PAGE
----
A faint buzzing on the nightstand beside my pillow jerks me out of the sandman’s grasp. Numb fingers struggle to draw the cell phone toward eyes that struggle to distinguish between two choices on its screen: Snooze or Dismiss? A shaking lupus-challenged brain implores, “Why do I still do mornings?”
At this moment, my quandary really seems to have only one obvious resolution… don’t!
Mornings are severely over-rated! Why any sane lupus patient would continue to try to do mornings is beyond ability to understand.
Yet, this girl trudges on, each day after the next, telling herself each night that tomorrow will be different. Stubbornly holding to the subconscious notion that the next day will hold a glorious morning gusto, a feeling lingers that is faintly remembered from long past and healthier days.
So, striving each day to assert the “right” to try to inhabit the early hours of each morning, another attempt is made. Yet, lupus opposes these efforts, lashing out unkindly at mind and body, fighting every effort. Still, I fight back against my lupus!
The first minutes and hours are painful, slog-brained, uncoordinated and pitiful. But, calling to God for help and encouragement, I continue trying to do mornings! The persistent mantra “I will not be undone” plays over and over subliminally to cajole me onward.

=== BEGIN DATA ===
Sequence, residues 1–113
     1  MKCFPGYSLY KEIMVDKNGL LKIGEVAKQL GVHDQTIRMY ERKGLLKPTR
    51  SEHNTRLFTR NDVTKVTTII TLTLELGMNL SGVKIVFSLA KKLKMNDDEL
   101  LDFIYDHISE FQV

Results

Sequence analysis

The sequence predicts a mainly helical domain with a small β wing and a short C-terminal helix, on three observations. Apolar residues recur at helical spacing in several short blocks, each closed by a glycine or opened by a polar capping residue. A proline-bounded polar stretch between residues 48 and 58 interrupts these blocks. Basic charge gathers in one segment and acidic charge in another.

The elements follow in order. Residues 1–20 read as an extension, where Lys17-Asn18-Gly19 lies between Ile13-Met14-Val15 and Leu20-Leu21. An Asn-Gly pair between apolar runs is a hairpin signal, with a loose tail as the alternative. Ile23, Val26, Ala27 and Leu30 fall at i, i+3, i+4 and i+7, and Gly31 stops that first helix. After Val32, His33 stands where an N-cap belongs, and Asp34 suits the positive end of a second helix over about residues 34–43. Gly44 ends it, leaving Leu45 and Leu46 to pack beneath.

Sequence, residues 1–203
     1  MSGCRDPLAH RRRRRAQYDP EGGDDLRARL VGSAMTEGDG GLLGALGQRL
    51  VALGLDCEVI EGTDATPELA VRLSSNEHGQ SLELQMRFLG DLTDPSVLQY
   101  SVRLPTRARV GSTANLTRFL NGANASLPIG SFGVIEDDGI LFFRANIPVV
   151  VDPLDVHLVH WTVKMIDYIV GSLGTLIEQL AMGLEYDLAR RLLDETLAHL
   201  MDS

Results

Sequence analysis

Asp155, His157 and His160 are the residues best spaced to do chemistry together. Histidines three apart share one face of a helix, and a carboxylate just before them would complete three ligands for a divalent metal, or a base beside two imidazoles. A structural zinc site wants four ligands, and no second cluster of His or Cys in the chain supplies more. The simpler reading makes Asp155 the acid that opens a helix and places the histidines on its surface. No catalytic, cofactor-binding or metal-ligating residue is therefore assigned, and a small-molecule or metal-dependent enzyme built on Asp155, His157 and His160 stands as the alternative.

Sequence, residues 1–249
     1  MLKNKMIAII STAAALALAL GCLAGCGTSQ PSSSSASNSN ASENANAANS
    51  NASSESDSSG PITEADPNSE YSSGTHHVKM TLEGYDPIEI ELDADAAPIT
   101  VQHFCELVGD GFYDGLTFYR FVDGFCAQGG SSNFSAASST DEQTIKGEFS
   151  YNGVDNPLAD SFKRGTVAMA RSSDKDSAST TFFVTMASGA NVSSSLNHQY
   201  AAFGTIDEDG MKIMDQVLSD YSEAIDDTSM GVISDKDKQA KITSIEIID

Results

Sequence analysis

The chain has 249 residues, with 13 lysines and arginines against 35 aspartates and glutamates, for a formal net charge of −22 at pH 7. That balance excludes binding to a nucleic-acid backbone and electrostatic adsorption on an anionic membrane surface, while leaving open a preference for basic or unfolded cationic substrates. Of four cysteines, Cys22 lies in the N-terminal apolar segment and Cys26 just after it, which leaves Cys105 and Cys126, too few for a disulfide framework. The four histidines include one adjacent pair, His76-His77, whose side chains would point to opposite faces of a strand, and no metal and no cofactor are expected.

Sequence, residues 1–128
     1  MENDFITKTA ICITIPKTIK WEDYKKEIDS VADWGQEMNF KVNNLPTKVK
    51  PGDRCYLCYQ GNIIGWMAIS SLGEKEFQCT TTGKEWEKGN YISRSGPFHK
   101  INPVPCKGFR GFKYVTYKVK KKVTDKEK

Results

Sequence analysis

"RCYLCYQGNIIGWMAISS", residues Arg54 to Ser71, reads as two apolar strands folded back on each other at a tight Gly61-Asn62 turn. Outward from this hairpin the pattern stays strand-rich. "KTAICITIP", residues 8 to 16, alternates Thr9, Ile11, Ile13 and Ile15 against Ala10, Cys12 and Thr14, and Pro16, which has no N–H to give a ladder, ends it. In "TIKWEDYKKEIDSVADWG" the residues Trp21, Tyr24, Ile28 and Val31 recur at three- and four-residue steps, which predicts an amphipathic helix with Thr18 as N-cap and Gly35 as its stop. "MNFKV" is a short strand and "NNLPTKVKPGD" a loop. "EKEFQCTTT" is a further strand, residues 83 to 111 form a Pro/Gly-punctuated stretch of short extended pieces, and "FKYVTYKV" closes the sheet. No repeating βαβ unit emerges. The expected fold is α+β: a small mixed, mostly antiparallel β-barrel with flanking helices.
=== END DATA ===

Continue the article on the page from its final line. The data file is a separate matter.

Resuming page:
Many days, there is only a measure of success. Nonetheless, determining with each sunrise that joy is possible, I try once again! The alternative would be defeat, far worse than any difficulty of this daily awakening battle.
Still, the question persists, “Why do I still do mornings?”
Once, long ago, the feeling of early dawn inspired me. The cool of San Francisco mornings, with a cloudy chill in the air, and myriad of birds chirping with joyful glee. The canopy of fog amplified their music. Their song and joyful carefree cacophony filled the crisp morning air with countless strains of hope and possibilities. The sting of salty ocean breeze hitting my cheeks and chilling my frame invigorated and awakened my mind and soul. These mornings were a touch of Eden, indeed, what God intended them to be. God made morning, and said it was good!
This is my vivid and stirring morning memory! I cannot let go of this potent picture of ideal morning. I still seek the simple joy of the dawn. Fondness of the early hours of day is part of the real internal me, before lupus. I can’t let go of my inner morning person. Not yet.
So I continue to try to do mornings, because I must believe small miracles can still happen. So I persist, and take small steps upon arising to make my body, mind, soul and spirit grow stronger: exercise, healthy food, mental activity and drawing near to God through prayer and reading the Bible.
Grasping the miracle of life’s brief fleeting moments, even mornings, I fight hard to redeem some part of each arising day. I still must somehow believe in mornings!